Churches urged to become more involved in HIV fight

Churches urged to become more involved in HIV fight

Senior staff reporter

Thursday, December 05, 2019

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THE Jamaica Council of Churches (JCC) is encouraging its members to become more engaged in the fight against human immunodeficiency virus (HIV), by educating their respective congregations on how to manage their lives and minimise the risk of infection.

Speaking with the Jamaica Observer ahead of the December 1 observance of World AIDS Day recently, JCC General Secretary Reverend Gary Harriott said, while the church has done a lot in the area, there is still much work to be done.

“In Jamaica, we're not where we need to be, but people are becoming more aware. We still have a way to go because we still have a lot of people who are ignorant on the matter. More is needed,” Harriott said.

Harriott's comments came ahead of JCC's launch of the Voluntary Testing and Counselling Manual and Workbook and The HIV-related Stigma and Discrimination and Gender-based Violence Reduction Project. Both initiatives are dubbed a faith-based response to HIV and AIDS, and are supported by the AIDS Healthcare Foundation (AHF) and the Ministry of Health and Wellness.

Harriott pointed out that though more work is needed, there are advances, through training and partnerships with AHF, The Joint United Nations Programme on HIV and AIDS (UNAIDS) and the United Theological College of the West Indies, to mobilise congregations to be able to demonstrate the policies within their church bodies.

In 2017, AHF allocated approximately $20 million to JCC to build capacity, over five years, as part of a proactive and coordinated response to HIV. A year later, JCC and the health ministry signed a Religious Leaders Healthy Living Policy Statement and Agreement. The policy was lauded as a landmark bid for moral leadership by those who should be the guardians of the nations' values and character.

There is also a general policy guideline for churches and other religious groups to establish their own policies. But, according to Harriott, some are yet to do so.

“It is a general statement and the vision is that religious groups will now take the statement and then establish their own policies. We know some already have policies in some church groups and other faith groups. However, some are still yet to develop their own policies, and so we are encouraging them to do that,” he said.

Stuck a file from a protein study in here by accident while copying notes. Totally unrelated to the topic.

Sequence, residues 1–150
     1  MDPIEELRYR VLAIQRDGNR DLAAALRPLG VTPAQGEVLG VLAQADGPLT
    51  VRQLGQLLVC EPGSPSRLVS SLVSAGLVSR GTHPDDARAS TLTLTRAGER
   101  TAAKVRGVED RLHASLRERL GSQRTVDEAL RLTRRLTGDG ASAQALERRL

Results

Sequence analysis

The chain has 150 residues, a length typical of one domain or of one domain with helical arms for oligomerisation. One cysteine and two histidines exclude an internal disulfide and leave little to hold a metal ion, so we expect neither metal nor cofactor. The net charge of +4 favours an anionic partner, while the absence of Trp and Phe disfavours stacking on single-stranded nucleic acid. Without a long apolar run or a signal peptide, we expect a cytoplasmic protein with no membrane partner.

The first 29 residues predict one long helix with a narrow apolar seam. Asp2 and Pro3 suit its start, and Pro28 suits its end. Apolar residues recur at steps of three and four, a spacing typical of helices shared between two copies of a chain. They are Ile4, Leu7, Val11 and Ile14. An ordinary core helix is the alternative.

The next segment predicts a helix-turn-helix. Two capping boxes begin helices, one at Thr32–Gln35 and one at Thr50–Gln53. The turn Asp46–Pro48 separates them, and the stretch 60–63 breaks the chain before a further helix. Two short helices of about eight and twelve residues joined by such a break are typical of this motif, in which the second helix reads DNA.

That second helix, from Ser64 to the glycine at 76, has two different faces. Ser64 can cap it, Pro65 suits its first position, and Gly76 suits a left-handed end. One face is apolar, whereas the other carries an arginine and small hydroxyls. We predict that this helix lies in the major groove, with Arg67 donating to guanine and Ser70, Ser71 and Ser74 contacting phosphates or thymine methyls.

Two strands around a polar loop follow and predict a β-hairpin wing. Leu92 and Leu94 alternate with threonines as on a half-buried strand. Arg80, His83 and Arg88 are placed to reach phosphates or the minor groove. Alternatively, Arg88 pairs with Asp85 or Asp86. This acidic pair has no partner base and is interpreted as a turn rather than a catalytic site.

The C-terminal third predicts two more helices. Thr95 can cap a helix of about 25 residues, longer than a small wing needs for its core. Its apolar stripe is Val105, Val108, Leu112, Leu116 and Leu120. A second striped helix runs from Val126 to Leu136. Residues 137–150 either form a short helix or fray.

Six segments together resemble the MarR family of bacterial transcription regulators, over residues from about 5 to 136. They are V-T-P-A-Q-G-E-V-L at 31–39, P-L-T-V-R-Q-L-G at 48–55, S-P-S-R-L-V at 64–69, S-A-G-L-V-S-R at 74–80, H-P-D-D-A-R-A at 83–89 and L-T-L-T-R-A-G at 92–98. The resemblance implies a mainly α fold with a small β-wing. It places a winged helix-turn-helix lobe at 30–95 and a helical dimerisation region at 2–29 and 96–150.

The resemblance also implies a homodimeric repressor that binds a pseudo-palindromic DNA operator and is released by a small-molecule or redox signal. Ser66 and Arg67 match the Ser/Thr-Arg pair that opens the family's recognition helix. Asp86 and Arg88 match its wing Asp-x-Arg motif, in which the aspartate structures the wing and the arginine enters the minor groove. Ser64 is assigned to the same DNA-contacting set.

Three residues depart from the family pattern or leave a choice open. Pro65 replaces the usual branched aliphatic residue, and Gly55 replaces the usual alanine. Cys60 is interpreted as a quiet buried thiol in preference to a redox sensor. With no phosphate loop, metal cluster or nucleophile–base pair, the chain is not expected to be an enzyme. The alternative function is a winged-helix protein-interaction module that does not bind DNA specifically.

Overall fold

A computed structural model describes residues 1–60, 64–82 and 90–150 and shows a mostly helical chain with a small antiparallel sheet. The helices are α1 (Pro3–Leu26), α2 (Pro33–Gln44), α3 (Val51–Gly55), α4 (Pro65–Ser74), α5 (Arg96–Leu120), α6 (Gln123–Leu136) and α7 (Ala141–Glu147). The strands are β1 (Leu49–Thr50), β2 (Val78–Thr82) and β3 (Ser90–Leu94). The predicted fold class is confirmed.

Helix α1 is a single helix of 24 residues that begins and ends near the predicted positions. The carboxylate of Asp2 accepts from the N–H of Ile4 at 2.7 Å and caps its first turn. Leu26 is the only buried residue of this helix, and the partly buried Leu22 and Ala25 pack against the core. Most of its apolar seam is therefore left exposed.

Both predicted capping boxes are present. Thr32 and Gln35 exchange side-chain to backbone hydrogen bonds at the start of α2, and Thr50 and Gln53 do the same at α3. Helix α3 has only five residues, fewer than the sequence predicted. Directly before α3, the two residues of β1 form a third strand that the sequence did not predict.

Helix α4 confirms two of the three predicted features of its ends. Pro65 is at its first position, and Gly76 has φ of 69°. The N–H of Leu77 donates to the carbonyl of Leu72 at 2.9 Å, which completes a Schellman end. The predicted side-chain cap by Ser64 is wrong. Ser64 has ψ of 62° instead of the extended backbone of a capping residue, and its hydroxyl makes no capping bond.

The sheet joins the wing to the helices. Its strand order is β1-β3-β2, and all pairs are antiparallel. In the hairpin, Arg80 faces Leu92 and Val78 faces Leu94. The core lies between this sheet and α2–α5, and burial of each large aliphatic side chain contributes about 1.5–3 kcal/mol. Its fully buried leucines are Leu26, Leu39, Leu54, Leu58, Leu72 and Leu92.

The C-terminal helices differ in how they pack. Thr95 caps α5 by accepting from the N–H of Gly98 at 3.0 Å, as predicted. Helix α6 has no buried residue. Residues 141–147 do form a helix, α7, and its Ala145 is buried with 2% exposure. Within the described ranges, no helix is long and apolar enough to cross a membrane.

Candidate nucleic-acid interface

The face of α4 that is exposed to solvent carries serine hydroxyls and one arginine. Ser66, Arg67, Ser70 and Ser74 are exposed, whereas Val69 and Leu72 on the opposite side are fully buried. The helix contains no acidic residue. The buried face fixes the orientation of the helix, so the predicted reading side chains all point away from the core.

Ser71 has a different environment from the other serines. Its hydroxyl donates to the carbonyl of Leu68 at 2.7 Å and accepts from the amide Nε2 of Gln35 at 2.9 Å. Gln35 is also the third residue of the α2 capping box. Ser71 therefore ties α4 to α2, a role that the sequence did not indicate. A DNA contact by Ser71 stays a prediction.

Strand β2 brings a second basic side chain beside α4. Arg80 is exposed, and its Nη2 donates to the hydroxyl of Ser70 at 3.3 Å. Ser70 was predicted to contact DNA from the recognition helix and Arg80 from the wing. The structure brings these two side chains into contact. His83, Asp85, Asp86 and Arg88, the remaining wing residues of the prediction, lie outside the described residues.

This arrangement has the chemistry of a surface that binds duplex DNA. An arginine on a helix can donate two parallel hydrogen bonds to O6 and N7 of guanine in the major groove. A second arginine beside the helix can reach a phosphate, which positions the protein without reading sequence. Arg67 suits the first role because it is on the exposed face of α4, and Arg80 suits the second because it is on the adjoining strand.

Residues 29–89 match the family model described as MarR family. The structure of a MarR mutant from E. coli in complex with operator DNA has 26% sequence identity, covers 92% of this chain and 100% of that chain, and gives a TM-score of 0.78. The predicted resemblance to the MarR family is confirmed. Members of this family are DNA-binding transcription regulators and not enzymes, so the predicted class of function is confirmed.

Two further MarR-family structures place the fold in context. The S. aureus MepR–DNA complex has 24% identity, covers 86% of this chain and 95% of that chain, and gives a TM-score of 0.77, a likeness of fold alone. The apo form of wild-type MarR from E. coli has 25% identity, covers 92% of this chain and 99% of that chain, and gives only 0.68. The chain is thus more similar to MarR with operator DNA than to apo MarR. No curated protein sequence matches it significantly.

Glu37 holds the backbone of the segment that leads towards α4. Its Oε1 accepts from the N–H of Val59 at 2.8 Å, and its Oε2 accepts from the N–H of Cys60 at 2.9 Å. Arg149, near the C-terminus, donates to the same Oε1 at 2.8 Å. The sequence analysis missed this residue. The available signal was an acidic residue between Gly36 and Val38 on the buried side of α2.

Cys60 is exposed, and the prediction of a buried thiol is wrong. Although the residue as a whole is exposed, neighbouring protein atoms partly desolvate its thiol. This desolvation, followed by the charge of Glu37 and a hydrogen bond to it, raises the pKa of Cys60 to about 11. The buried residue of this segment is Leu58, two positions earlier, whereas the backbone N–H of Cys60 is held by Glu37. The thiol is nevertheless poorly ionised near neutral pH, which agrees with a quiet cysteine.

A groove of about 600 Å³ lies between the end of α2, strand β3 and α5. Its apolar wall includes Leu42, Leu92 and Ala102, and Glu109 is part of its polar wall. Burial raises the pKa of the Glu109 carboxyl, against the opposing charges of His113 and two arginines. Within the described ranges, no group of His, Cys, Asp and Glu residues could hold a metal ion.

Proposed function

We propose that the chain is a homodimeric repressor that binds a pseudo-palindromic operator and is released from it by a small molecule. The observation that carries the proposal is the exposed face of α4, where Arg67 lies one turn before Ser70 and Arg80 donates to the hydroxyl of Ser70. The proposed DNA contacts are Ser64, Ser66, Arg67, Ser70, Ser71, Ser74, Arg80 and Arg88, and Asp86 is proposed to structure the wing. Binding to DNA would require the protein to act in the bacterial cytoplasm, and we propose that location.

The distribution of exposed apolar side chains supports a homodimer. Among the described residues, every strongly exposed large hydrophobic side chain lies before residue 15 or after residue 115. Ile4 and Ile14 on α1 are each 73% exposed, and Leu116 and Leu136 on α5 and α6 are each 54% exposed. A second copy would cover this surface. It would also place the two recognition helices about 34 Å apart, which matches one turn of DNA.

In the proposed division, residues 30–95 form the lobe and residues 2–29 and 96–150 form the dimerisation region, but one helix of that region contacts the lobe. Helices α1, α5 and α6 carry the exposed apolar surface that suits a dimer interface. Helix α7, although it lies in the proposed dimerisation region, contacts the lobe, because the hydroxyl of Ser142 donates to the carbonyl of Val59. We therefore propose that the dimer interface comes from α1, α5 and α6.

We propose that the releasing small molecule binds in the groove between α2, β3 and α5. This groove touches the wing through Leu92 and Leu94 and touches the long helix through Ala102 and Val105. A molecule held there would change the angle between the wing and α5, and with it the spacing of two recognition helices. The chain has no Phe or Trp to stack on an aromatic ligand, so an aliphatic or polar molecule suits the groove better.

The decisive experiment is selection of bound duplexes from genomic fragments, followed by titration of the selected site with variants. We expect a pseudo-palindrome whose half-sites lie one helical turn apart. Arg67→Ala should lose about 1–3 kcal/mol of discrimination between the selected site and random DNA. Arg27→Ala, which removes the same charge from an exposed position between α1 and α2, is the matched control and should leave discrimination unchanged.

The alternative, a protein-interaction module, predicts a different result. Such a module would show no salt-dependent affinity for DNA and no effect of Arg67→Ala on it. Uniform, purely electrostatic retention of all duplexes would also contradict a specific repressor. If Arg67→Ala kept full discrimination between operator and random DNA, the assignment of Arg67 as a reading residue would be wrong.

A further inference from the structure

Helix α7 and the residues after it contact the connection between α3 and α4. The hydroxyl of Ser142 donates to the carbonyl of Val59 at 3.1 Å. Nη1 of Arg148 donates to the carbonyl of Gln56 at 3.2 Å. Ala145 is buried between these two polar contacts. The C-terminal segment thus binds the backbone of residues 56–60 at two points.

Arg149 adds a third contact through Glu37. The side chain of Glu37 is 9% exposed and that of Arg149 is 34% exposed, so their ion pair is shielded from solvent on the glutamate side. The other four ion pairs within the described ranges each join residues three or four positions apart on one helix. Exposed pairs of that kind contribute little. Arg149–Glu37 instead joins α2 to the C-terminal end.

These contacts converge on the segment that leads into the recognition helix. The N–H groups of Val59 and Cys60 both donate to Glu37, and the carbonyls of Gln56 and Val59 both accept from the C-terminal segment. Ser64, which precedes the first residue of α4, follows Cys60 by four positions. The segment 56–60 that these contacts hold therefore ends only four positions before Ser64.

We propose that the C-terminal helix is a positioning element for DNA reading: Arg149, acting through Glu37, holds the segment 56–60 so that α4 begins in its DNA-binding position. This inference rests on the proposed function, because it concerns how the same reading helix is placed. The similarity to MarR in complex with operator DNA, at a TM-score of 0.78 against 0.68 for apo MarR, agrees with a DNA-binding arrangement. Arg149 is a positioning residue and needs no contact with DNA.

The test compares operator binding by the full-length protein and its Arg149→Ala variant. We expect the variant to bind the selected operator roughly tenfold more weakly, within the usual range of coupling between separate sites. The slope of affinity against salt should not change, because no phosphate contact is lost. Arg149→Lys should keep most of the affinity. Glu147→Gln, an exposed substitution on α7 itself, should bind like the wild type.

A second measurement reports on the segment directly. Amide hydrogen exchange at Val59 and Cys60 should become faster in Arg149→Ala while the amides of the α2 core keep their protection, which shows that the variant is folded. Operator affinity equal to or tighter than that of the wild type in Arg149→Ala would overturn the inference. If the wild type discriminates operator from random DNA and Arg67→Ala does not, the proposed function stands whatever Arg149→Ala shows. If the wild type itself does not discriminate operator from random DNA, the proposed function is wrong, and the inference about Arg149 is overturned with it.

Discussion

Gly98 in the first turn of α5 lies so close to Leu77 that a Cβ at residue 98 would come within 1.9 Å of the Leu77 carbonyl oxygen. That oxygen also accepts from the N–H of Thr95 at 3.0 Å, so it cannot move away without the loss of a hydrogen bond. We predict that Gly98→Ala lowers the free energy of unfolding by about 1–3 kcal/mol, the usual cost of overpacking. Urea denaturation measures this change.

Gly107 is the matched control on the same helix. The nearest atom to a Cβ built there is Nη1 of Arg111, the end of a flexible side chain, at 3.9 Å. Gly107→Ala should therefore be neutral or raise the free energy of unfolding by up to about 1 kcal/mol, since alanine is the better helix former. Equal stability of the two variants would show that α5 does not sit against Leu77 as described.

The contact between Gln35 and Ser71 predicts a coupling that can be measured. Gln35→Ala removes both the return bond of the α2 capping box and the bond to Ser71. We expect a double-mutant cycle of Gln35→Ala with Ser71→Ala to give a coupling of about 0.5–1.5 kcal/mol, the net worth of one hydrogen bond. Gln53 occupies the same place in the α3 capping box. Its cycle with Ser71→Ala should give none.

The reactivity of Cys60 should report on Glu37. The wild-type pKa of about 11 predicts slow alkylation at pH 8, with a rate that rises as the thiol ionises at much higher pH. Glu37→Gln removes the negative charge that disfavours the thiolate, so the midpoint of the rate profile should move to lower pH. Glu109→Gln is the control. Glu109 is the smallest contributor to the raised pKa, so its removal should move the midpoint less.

Harriott added that the partnerships and training sessions have been primarily set around the area of stigma reduction in faith-based communities, and increasing sensitisation among religious leaders.

“We have done quite a bit of work in training religious leaders, not just Christians but people from other religions in terms of establishing policies to guide their work. We did a mapping exercise across Jamaica. We knew religious communities were responding to HIV, but we never had any scientific data. We did a follow-up mapping exercise because that mapping revealed there was a gap in policy, there was gap in leadership development, preparing and sensitising religious leaders to have a faith-ideal response, so that became the focus of our work,” he continued.

But, a present area of contention among churches in the fight against HIV is the stigmatising notion that HIV is a gay disease, and the churches do not condone homosexual behaviour.

In responding, Harriott said, while churches have a strong stance against same-sex relations, he expects that they would still exercise some form of pastoral care to certain individuals.

“We have to encourage persons and, in my mind, you don't need to highlight people's behaviour, but in the church space you don't know who's in the congregation, you don't know all the things persons are involved with, but you try to provide a message that everybody, hopefully, can take something away from,” he said.

Further, the JCC general secretary said, as part of the faith-based response to HIV and AIDS, there is much concern for married women who are at risk.

“Many of them are in churches. They may not be the ones who are having relationships that put them at risk, in terms of going out, but then they have partners who are. In the church, we don't have to itemise or highlight any particular group of people, but you provide the general information and education so that people can access it in response to their need,” he said.

Harriott also called for more urgency around the issue from all influential sectors of society, including the church.

“What has happened globally is that there was a time HIV/AIDS was a big talk. It was on the lips of everybody and it's almost a lull now. That lull is contributing to the increase in infections and Jamaica is suffering from that, too.

“We're hoping that will be transmitted in the life of the congregation, how you treat with people — people who are positive — and how you encourage people to do their tests,” Harriott said.

He added: “We ask our churches to include HIV testing at their health fairs because the sooner people know their status, the sooner they can go on medication. Also the science says the earlier you're on medication, then it is more likely your viral load will become sufficiently suppressed that you are not likely to infect other persons. So it is in our interests to join the fight and encourage people to get tested and get treatment where needs be.”

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